As the global petroleum industry matures, an increasing number of projects are fast approaching their end of productive lives. In Australia currently, the decommissioning legislative framework has only been applied to smaller operations and is yet to be tested on larger projects. Over the next 50 years in Australia, the estimated decommissioning liability amounts to USD 21bn. In anticipation of a substantial number of the 136 fixed oil and gas facilities in operation being decommissioned in the coming decade, the Federal Government is reviewing its policy, regulatory and legislative framework. How will this impact Australia’s oil and gas producers and will this provide the much sought after certainty the market is demanding or will it remain an ambiguous number in a company’s long-term liabilities, always provisioned for but never called upon?
The NOGA saga
The issue of decommissioning, and who is ultimately responsible, came to the forefront of people’s minds in mid-2019, when the owner of the Laminaria-Corallina oil field—North Oil & Gas Australia (NOGA)—went in to voluntary administration. NOGA had purchased the field from Woodside in 2016 for an undisclosed sum (the ‘Australian Financial Review’ named the price a “peppercorn”). But along with the asset came a USD 156mn abandonment provision.
Late-life asset sales in oil and gas are not uncommon, particularly in the North Sea where the aim of a smaller operator is to run the asset with very low overheads, squeezing the asset dry and generating enough cash to cover remediation while still turning a profit. After three years of ownership, the regulator NOPSEMA (National Offshore Petroleum Safety and Environmental Management Authority) determined the floating production storage and offloading vessel (FPSO) had not been maintained to an adequate level and NOGA didn’t have the funds to bring it up to scratch. The transaction and title transfer was approved by NOPSEMA, which had the right to assess whether the acquirer had the financial capacity to fulfil its obligations. The asset is now in ‘lighthouse mode’; the FPSO vessel is idle but safely standing watch over the offshore fields with the cost seemingly being borne by the Australian taxpayer.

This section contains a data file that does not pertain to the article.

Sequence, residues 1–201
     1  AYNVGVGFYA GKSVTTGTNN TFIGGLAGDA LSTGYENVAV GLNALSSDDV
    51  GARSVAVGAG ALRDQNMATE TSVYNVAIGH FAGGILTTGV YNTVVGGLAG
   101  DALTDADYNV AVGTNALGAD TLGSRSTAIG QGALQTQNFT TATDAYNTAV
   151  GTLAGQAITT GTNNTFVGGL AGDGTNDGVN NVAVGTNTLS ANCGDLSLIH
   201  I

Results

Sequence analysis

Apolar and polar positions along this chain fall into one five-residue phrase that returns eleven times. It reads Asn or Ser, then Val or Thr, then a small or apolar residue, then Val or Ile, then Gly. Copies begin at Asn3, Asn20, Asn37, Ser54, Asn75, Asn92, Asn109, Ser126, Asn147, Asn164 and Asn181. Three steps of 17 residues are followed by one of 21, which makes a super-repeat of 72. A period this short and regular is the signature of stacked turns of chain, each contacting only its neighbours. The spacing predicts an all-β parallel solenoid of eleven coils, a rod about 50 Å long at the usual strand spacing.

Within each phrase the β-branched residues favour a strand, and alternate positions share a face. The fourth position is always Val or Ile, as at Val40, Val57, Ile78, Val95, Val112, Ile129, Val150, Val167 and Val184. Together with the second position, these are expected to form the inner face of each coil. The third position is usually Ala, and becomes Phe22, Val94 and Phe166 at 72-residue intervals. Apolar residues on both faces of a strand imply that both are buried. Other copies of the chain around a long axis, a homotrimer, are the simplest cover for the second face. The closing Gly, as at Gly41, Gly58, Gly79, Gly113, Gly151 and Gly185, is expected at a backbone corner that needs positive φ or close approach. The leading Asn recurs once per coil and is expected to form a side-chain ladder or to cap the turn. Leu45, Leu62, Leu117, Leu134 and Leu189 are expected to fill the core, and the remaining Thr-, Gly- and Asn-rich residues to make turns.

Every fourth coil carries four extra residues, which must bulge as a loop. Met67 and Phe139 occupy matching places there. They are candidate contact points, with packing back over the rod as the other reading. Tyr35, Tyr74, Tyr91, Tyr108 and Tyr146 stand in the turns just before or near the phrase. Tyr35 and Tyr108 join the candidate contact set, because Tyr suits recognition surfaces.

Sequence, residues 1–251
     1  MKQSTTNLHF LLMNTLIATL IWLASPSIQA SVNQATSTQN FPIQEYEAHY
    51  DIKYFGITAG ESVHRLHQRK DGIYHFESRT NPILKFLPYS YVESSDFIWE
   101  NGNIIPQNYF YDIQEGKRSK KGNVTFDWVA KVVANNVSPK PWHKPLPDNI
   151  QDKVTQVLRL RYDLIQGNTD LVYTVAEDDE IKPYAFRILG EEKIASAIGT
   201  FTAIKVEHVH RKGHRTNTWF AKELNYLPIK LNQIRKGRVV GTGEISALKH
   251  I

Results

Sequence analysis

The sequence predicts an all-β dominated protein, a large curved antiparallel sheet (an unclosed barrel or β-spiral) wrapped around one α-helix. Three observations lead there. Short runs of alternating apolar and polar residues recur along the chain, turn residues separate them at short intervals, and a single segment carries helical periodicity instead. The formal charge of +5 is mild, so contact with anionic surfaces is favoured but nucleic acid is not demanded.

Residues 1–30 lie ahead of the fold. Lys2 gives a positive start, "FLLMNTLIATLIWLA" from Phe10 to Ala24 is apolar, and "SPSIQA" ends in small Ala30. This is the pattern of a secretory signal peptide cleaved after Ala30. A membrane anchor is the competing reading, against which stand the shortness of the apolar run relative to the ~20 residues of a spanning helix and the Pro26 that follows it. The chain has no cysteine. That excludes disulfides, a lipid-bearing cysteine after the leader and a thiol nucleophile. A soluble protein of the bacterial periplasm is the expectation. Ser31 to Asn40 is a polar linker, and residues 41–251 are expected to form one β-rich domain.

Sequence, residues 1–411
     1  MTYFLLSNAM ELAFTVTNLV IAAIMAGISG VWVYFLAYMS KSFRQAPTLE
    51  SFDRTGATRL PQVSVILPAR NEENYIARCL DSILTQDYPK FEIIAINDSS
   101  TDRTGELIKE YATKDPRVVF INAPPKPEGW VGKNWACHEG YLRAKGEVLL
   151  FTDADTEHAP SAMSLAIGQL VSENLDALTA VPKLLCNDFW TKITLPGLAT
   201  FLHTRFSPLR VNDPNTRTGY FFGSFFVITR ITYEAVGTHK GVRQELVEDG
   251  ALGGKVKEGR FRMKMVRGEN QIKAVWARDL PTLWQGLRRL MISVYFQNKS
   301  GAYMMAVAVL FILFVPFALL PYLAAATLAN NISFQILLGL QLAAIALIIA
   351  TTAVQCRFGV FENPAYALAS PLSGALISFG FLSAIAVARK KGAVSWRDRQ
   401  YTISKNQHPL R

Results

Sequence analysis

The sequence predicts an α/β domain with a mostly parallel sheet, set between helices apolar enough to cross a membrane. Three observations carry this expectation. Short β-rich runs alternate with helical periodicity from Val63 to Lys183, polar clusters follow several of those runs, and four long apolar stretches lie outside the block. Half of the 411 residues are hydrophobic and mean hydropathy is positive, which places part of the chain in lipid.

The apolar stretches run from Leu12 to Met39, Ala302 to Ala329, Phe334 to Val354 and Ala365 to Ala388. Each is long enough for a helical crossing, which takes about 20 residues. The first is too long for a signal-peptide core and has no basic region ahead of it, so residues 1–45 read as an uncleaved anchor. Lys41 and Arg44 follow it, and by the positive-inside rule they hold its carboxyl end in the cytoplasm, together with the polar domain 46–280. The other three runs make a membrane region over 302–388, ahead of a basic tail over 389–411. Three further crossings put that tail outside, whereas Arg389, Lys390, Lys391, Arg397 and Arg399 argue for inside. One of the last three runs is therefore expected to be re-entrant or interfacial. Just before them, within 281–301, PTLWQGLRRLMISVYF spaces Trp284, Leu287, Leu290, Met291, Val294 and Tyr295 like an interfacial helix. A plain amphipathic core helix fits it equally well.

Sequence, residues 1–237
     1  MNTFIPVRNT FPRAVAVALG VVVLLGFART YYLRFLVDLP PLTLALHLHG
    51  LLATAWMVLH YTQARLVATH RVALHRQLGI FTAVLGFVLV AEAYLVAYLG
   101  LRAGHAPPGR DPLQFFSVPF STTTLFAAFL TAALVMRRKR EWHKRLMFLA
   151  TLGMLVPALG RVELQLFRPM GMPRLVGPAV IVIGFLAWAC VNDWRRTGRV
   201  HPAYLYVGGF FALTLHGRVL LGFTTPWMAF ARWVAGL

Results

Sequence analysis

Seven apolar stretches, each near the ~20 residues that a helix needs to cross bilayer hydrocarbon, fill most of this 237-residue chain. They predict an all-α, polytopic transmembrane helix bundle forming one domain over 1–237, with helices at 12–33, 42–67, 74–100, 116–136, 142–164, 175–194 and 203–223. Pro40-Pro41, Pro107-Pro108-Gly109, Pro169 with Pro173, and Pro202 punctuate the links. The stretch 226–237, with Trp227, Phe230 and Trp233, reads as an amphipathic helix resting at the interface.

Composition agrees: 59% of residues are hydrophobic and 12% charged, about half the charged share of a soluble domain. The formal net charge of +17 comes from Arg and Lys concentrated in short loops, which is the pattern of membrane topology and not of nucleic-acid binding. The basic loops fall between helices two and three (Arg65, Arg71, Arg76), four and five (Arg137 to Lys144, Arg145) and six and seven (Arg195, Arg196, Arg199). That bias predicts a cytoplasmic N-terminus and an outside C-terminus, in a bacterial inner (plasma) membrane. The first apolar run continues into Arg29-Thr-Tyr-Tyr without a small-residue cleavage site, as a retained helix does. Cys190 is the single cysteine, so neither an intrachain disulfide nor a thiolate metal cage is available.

The current state of play
At the moment, Australian oil and gas companies are expected to provision for future abandonment and restoration. They do so by estimating the end-of-life date and the cost of the work required, then discount these future cash flows to today’s value. The shortcoming is that these estimates are long-dated and little tested in reality. The operator also factors in an assessment of the impact of future legislation and technologies on the cost of rehabilitation, which may result in lower provisioning.
This would increase stock valuations as we explicitly deduct restoration from our sum-of-the-parts valuation.
Current legislation calls for the complete removal of property unless an alternative approach demonstrates equal or better environmental outcomes. In its submission to government on the…